3 days: Live music lives in Montreal. While the Bell Centre (1216 de La Gauchetiere SW) attracts big-name arena concerts, the smaller venues delightfully surprise in both star power and intimate cabaret settings. You can broaden your horizons by visiting the Cabaret Music Hall at Just for Laughs Museum (2111 Saint Laurent Blvd, 514-845-2014); Cafe Campus (57 Prince Arthur St, 514-844-1010); Club Soda (1225 Saint Laurent Blvd, 514- 286-1010); or Spectrum (318 Saint Catherine St W, 514-861-5851).
End your evening having a casual drink as you look out over the best view of the city from the terrace of 737 Altitude (1 Place Ville Marie).
1-, 2-, and 3-Day Suggested Itineraries for Relaxing & Unwinding in Montreal
1-, 2-, and 3-Day Suggested Itineraries for Relaxing & Unwinding in Montreal
From glass-bottomed boat tours to miles of hiking/biking paths, there are dozens of ways to relax in this great city. See the suggested itineraries below to help narrow it down.
1 day: Montreal is a very bike-friendly city, so bring or rent a bicycle. There are hundreds of well-paved bike paths in and around town. Suggested itineraries include trips to the Old Port of Montreal (De la Commune St between the Saint Lawrence River and Old Montreal), along popular and pretty Lachine Canal, or a jaunt to Jean Drapeau Park (1 Circuit Gilles-Villenueve).
Pick up a map at the best biking resource in town, La Maison des Cyclists (1251 Rachel St E). It's a Plateau cafe and bike boutique where many cyclists come to meet. Every late spring, the Montreal Bike Fest gets things rolling with a week of two-wheeled fun, culminating with Tour de l'Ile, a 25-mile bike ride around Montreal.
One quaint and picturesque place for lunch is Mobil Three-Star Chez Le Mere Michel (1209 Guy St, 514-934-0473). You'll feel like you've stepped into a painting, from the quaint flower-lined walkway to the small, slightly cluttered rooms filled with eclectic collectibles. Don't worry if you're wearing your biking outfit because casual attire is allowed. The menu is classic and well-prepared French cuisine, anything you pick will be good, but the do-not-miss dessert is the strawberry Napoleon.
2 days: A number of sea cruises let you enjoy the uniqueness of the Saint Lawrence River with departures from the Old Port of Montreal (De la Commune St between the Saint Lawrence River and Old Montreal).
First up is Saute Moutons (514-284-9607), the Saint Lawrence River's wet and wild jet boat ride. Saute Moutons is a flat-bottomed boat that travels through the shallow Lachine Rapids, 15 minutes from downtown. The result when passing through these rapids is a tidal wave that cascades over the entire boat. It's a full-bodied baptism accompanied by shrieks of laughter and giddy screams. Saute Moutons operates May to mid-October, and reservations are a must. Bring sunscreen and a change of clothes.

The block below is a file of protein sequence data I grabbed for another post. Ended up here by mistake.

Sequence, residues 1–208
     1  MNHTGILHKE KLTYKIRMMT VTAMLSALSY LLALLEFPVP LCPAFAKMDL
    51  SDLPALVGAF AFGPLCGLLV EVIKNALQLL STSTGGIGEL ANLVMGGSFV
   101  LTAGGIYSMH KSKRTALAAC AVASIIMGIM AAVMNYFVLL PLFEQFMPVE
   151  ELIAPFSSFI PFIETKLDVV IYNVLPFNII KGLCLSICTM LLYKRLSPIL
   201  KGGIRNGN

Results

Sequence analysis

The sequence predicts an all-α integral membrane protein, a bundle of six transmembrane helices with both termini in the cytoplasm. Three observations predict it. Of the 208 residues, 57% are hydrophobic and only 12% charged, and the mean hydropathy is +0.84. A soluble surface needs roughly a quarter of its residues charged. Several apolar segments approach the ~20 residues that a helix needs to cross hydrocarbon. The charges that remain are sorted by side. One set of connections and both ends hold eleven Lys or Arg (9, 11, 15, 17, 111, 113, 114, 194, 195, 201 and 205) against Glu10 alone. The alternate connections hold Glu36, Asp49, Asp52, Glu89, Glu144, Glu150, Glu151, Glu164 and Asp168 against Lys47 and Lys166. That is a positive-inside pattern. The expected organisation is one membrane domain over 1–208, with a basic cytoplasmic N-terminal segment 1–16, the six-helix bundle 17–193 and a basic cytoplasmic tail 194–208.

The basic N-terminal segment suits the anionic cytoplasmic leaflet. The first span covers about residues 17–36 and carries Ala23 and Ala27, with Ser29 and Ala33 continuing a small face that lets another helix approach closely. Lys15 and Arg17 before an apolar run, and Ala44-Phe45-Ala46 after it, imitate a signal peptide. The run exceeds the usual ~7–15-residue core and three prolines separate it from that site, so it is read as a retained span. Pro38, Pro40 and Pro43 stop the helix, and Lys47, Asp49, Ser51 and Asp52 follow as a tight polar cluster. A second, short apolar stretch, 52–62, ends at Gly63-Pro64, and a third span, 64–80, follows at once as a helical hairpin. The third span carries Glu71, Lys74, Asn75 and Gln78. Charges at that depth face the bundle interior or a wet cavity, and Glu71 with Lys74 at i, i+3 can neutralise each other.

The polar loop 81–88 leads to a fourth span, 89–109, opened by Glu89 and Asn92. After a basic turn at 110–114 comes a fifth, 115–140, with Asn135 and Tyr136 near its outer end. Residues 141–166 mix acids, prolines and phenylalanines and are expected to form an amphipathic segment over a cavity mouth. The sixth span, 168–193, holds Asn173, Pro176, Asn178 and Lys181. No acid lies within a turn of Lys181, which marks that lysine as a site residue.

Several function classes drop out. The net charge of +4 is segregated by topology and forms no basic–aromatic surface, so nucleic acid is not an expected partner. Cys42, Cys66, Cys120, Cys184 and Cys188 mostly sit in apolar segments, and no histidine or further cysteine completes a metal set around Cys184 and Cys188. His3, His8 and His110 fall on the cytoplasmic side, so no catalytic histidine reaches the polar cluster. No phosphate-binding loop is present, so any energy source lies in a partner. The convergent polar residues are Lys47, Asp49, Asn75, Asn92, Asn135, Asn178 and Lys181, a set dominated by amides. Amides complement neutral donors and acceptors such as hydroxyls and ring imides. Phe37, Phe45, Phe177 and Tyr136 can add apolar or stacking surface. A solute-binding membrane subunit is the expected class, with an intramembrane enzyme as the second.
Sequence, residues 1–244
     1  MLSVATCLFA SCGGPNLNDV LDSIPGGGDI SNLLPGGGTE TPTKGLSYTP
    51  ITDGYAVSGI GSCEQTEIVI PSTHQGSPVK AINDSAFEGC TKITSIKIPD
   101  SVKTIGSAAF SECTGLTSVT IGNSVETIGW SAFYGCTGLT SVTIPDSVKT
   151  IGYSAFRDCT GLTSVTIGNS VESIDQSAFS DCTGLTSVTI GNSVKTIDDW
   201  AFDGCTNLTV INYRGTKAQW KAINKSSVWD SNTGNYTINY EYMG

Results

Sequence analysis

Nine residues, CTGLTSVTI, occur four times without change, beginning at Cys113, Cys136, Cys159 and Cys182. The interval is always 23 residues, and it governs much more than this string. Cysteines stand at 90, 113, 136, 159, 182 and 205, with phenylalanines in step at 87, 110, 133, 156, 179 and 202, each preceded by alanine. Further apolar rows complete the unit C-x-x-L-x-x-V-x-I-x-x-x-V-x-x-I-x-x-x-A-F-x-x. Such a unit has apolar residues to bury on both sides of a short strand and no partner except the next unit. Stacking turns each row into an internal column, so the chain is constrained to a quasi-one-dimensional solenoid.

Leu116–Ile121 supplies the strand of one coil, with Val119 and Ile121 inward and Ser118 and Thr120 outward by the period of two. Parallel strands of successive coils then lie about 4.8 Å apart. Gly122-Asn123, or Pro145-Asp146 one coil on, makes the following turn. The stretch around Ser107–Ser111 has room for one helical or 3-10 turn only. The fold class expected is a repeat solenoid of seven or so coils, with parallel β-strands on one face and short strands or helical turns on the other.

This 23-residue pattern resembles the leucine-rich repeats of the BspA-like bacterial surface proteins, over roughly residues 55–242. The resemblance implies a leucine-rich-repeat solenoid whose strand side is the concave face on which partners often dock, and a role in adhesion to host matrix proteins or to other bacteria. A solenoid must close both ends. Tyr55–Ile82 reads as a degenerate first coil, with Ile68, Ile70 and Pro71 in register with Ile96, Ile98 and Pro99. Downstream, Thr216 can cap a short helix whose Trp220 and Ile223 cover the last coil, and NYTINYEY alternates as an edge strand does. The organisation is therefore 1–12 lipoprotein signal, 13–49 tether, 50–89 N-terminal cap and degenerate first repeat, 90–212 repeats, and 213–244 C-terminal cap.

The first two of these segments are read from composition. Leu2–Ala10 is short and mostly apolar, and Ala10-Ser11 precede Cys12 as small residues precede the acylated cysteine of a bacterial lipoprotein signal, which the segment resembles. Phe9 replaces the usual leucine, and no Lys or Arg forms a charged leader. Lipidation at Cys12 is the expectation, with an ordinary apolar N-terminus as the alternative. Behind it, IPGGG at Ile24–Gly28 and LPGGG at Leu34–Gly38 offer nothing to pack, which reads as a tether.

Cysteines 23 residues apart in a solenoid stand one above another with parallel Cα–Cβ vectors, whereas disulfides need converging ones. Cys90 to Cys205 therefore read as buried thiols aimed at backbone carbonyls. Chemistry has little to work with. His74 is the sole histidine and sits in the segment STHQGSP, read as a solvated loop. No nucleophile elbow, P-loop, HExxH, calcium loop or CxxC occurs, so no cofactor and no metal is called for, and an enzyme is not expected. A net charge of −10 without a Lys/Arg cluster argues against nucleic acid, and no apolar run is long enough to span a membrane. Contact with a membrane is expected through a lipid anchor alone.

If you don't feel the need for that much Saint Lawrence excitement, AML Cruises offers the Discoverers Cruise (514-842-3871) aboard the Cavalier Maxim from Montreal to the islands of Boucherville, 20 miles north of Montreal. Optional dinner cruises are available.
Le Bateau Mouche (514-849-9952) offers Saint Lawrence River sightseeing in a glass-enclosed boat with day cruises and romantic evening dinner cruises. Le Petit Navire (514-602-1000) offers 45-minute cruises of the Old Port waterways every summer.
3 days: In the middle of the Saint Lawrence River is Jean Drapeau Park (1 Circuit Gilles-Villenueve), a big-city respite for locals and tourists alike. The park is named after Jean Drapeau, a Montreal mayor instrumental in bringing the Metro subway system, Expo 67, and the 1976 Olympics to the city.
Jean Drapeau Park is a great place to get moving. You can explore the park by bike, in-line skate, or just take a hike. Water sports fun includes kayaking, sailboating, canoeing, windsurfing, and paddleboat rentals. You can also swim in the recently renovated public pool or the beach that filters water from the Saint Lawrence River.
Eleven sculptures adorn both islands of the park -- Ile Notre Dame and Ile Saint Helene -- and make for a great outdoor art treasure hunt. Perhaps the most famous is Alexander Calder's "Man." The on-site info kiosk located near the Metro offers free maps that mark the location of each sculpture.
There are also two museums within the confines of the park. The Stewart Museum houses such artifacts as maps, firearms, and navigational equipment that trace Canadian history from the 16th to 19th centuries. The Old Fort is an actual 18th-century fort along the Saint Lawrence River. It houses the impressive collection of historical artifacts, archival documents, maps, navigational instruments and antique arms that once belonged to David Macdonald Stewart, heir to the fortune built by Canadian tobacco industry magnate Sir William Macdonald. Military drills are held daily.
The French/English 1-2 punch alone makes Montreal an interesting city. Throw in amazing museums, beautiful architecture, great shopping, and fine cuisine, and you've got a destination that shouldn't be missed.
ABOUT THE AUTHOR:
Steve Howell is a freelance writer who has covered Montreal for the past decade. He shares his time between Montreal and Plattsburgh, New York. Steve is an admitted museum junkie, which comes in handy when covering Montreal exhibitions, events, and festivals as a weekly contributing writer to The Montreal Gazette and The Plattsburgh Press-Republican.